The acidocalcisome is an acidic organelle in the cytosol of eukaryotes, defined by its low pH and high calcium and polyphosphate content. It is visualized as an electron-dense object by transmission electron microscopy (TEM) or described with mass spectrometry (MS)-based imaging techniques or multimodal X-ray fluorescence microscopy (XFM) based on its unique elemental composition. Compared with MS-based imaging techniques, XFM offers the additional advantage of absolute quantification of trace metal content, since sectioning of the cell is not required and metabolic states can be preserved rapidly by either vitrification or chemical fixation. We employed XFM in Chlamydomonas reinhardtii to determine single-cell and organelle trace metal quotas within algal cells in situations of trace metal overaccumulation (Fe and Cu). We found up to 70% of the cellular Cu and 80% of Fe sequestered in acidocalcisomes in these conditions and identified two distinct populations of acidocalcisomes, defined by their unique trace elemental makeup. We utilized the vtc1 mutant, defective in polyphosphate synthesis and failing to accumulate Ca, to show that Fe sequestration is not dependent on either. Finally, quantitation of the Fe and Cu contents of individual cells and compartments via XFM, over a range of cellular metal quotas created by nutritional and genetic perturbations, indicated excellent correlation with bulk data from corresponding cell cultures, establishing a framework to distinguish the nutritional status of single cells.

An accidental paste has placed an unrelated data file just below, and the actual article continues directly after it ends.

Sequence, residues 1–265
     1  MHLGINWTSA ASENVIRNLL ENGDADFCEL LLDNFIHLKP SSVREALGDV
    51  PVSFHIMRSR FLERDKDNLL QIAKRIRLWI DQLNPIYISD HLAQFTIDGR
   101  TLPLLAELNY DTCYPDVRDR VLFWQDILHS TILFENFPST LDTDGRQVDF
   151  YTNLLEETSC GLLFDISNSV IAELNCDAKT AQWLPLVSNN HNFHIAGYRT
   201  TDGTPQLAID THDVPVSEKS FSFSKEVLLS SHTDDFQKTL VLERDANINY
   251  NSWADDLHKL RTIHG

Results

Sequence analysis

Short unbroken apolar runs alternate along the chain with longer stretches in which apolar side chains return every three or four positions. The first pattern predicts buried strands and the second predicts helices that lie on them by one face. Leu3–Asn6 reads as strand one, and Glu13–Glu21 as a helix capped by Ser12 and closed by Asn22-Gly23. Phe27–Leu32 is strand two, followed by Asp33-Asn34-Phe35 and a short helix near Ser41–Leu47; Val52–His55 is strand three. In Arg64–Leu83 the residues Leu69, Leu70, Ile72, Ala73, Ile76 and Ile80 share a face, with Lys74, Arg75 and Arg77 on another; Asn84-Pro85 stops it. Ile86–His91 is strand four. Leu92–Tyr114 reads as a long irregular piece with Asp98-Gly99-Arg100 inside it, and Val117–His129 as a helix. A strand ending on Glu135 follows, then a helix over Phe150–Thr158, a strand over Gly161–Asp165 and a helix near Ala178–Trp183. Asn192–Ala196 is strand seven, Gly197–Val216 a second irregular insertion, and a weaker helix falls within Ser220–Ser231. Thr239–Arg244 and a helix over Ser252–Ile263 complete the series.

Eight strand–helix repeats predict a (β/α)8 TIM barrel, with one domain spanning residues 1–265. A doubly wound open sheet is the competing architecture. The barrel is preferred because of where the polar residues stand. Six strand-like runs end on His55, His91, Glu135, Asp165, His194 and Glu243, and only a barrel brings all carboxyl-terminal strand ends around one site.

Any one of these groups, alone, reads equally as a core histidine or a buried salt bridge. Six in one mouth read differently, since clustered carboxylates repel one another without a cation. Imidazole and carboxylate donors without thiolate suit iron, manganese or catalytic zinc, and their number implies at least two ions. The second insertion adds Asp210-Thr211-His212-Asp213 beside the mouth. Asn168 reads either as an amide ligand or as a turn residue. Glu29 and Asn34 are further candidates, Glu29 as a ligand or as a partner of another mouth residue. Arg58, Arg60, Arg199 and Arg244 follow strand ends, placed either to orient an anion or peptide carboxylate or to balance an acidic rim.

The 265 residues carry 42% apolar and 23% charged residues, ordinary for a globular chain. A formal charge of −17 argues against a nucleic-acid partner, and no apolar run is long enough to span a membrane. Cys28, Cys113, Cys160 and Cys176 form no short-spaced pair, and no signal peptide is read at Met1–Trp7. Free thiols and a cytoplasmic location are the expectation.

|Original language||English (US)|
|Journal||Proceedings of the National Academy of Sciences of the United States of America|
|State||Published - Apr 20 2021|
- Heavy metal detoxification
- Trace metal sequestration
- Vacuole VTC XRF
ASJC Scopus subject areas